• An appreciation for others who show they care through kind words, letters, cards and encouragement.
  • Hope for a better future.

This dry working environment is tough, unpredictable and overwhelming at times.  Yet farmers see their role and the value they bring to supplying food and fibre for our nation.  We have a love-hate relationship with farming during this time.  The depressing feelings can be overwhelming with the physical and emotional struggles during times of drought.

But farmers have a huge WHY within them.  They love what they do and the variety of tasks that they do on the farm.  They see value and purpose in what they do.  That is WHY they do it.

So spare a thought for each other.  We all have our own interests and serve our own purpose in a variety of ways.  Accept all differences, acknowledge everybody’s value and be kind to everyone.  How you treat people is a true reflection of you… and it is important that we try to bring out the best in each other.

Take care, Karen.

“Photography is an art of observation.

It has little to do with the things you see

and everything to do with the way you see them.”

~ Elliot Erwitt

Rural Reflections #11

Farmers are true believers in their industry, thus leaving them emotionally and psychologically exposed.  As the challenges consume us in this current drought… it is more important than ever… to reframe our way of thinking and believe we will get through this again.  We must first accept we are in a drought and find a way to move forward by focusing on the important things in our lives such as our family and our health.

On Friday, my husband and I attended a Community Forum on Drought and Mental Health held in Tamworth.  “The Big Community Muster” presentation covered 11 locations in 6 days and was a very informative and enjoyable event on rural health and resilience.  A dedicated team entirely decked in brightly-coloured Trade Mutts work shirts attire and designed to be a conversation starter… was the visual highlight.

Guest Speakers included:

  • Gerard O’Brien – RSM Australia Director.  He had a comprehensive understanding of the rural issues faced by farmers in this unprecedented drought event.  Gerard shared information regarding the Rural Assistance Authority drought loans and applications as well as the DroughtHub resource.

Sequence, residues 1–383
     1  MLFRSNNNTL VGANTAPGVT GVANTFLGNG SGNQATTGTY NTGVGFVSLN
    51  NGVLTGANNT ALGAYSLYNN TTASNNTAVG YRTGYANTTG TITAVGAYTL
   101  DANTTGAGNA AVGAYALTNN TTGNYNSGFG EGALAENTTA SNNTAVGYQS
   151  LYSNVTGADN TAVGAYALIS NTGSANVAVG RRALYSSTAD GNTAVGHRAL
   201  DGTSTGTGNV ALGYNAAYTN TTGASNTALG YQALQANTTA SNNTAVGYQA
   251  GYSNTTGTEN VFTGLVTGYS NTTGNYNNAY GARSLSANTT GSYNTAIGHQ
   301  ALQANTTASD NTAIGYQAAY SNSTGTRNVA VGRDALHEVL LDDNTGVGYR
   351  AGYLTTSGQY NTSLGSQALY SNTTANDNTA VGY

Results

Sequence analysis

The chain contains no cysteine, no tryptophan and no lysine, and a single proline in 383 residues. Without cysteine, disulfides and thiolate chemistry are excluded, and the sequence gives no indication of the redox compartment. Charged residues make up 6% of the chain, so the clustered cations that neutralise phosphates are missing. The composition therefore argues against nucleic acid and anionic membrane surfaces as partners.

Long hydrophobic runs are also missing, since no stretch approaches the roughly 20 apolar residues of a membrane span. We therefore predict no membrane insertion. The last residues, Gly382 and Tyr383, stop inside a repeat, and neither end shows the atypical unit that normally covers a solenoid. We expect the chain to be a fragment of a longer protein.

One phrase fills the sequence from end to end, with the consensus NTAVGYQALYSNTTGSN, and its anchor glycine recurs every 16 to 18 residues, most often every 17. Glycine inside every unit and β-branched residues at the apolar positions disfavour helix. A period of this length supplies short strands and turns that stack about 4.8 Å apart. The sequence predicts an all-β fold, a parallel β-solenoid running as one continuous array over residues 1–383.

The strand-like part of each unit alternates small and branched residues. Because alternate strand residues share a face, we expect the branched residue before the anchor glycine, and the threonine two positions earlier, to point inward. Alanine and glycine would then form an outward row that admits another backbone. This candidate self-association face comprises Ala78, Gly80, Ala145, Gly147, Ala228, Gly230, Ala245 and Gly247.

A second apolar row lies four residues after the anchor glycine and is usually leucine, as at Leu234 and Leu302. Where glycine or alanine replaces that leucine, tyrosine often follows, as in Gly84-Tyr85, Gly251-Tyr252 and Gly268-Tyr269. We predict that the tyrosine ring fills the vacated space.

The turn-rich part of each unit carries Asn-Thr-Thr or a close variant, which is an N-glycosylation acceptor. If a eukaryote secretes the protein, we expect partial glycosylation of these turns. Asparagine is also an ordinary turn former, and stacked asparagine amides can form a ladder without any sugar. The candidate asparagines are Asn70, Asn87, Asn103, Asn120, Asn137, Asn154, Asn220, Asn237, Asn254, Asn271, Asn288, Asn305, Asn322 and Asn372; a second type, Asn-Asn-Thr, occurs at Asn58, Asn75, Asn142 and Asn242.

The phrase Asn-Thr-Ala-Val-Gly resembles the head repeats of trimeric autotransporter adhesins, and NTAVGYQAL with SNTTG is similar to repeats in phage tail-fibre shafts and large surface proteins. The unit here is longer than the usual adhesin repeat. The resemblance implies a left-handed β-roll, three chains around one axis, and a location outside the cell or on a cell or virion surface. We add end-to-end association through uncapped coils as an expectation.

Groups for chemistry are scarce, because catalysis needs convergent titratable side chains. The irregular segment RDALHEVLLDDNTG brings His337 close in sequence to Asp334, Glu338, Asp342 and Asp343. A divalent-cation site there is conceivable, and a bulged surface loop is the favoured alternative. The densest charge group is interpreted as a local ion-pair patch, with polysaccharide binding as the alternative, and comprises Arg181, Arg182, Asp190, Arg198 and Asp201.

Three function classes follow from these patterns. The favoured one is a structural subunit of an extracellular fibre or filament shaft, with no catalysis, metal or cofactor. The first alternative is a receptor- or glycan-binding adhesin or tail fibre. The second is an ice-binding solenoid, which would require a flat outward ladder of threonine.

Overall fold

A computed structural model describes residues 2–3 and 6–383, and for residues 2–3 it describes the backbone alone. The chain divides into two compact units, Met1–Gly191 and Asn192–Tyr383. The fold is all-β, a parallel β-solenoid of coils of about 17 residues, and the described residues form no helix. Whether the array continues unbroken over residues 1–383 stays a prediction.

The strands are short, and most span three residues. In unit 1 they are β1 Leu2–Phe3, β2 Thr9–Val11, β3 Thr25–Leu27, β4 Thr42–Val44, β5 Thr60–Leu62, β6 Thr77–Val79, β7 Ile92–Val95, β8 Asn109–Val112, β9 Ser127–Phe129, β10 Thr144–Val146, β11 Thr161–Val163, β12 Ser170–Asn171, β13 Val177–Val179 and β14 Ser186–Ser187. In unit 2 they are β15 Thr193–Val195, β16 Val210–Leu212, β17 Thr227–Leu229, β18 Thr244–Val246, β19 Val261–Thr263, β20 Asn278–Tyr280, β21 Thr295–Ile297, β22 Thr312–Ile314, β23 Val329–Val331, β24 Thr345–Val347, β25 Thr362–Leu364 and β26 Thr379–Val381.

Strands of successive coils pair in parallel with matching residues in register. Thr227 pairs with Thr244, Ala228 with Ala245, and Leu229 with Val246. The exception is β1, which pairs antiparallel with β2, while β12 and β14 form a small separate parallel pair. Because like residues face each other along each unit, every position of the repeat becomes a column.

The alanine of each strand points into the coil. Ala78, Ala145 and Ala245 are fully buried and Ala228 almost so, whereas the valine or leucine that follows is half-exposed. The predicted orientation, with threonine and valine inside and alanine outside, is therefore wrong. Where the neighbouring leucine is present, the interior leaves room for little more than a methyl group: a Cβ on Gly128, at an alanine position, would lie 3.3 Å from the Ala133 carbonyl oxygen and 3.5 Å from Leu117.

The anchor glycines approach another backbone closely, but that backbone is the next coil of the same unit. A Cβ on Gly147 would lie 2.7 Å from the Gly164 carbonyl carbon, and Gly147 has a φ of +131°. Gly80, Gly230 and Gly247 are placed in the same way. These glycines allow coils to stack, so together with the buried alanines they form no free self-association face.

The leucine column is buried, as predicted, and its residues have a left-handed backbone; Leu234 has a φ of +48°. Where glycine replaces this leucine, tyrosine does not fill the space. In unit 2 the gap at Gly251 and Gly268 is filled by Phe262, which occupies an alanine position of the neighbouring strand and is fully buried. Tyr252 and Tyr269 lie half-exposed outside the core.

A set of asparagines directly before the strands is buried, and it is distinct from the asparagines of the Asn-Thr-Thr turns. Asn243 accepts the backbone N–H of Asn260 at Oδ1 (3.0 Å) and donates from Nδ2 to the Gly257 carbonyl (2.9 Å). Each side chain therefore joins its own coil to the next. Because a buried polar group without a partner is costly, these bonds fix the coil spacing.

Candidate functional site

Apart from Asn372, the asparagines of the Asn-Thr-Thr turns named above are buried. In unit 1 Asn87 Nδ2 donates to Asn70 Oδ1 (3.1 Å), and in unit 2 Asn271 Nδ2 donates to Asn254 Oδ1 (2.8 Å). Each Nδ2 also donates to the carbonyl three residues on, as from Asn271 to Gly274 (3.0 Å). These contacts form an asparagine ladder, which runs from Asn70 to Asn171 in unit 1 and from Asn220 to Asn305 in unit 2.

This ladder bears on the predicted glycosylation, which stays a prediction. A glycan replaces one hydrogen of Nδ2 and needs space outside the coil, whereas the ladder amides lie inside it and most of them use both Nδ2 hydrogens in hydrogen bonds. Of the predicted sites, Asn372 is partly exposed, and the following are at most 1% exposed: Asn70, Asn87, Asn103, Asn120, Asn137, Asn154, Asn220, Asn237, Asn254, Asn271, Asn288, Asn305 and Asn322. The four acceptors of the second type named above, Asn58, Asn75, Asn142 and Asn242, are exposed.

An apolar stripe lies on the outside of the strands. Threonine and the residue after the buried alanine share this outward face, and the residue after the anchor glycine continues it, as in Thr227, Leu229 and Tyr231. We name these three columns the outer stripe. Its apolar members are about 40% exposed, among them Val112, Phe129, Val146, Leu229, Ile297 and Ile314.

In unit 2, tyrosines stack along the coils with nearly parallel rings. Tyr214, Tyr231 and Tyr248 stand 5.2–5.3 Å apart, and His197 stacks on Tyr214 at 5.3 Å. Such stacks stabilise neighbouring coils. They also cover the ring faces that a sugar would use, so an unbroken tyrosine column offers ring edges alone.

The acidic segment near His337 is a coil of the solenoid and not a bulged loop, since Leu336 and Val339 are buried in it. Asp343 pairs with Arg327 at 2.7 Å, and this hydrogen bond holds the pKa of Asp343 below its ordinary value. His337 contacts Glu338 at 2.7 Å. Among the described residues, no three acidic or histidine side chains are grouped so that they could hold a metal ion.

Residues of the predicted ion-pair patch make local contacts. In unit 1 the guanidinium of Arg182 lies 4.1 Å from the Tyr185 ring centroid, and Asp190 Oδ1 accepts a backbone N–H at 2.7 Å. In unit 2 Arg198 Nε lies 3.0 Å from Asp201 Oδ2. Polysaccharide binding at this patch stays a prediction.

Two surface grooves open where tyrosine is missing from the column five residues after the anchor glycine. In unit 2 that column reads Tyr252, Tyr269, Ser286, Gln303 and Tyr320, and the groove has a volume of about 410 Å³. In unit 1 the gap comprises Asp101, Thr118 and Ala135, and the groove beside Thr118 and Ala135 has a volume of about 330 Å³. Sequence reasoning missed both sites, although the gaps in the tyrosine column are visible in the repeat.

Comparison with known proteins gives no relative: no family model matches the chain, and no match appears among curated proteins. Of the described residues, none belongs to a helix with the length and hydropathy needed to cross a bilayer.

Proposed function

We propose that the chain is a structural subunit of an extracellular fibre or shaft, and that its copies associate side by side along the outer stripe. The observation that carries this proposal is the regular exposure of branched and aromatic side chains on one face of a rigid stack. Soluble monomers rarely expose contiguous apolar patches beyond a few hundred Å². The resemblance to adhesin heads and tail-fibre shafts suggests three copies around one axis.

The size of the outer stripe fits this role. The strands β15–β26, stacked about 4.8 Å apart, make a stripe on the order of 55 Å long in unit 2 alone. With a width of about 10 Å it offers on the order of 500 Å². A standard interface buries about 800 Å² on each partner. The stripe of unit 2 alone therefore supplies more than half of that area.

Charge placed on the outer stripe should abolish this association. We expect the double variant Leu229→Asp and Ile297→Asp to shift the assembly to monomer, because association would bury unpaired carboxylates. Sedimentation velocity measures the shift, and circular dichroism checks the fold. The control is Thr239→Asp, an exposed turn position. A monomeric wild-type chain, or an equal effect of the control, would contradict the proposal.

• Alister Bennett – NSW State Agribusiness Manager for ANZ.  He works with farmers across the state regarding farm business financial management.  Alister provided information regarding agribusiness managers and encouraged farmers to have a good open relationship with their agribusiness manager in both good times and bad.
  • Dennis Hoiberg – founder of Lessons Learnt Consulting.  He is an organisational consultant and a key public speaker on emotional well-being and resilience.  Dennis spoke in a practical and humorous way to engage farmers interest, yet still managed to get the important message across very effectively.

The key message of RESILIENCE is not about being tough… it is about being whole.  It is not about bouncing back, it is about bouncing forward.  Resilience is not just about thinking happy thoughts, it is about action.

Dennis reminded us that it will NOT be the drought that breaks us, it will be minor issues in our lives.  These issues will affect our relationships and health.  Resilience is about being able to accept the drought situation and finding a way to move forward.  Dennis Hoiberg’s book The White Knuckled Ride provides thoughts, experiences and strategies to help people become resilient.

This day was effectively presented and farmers walked away with some positive information in moving forward, despite the stress and hardships they are suffering.  With a determined hope, farmers were reassured that they will get through this.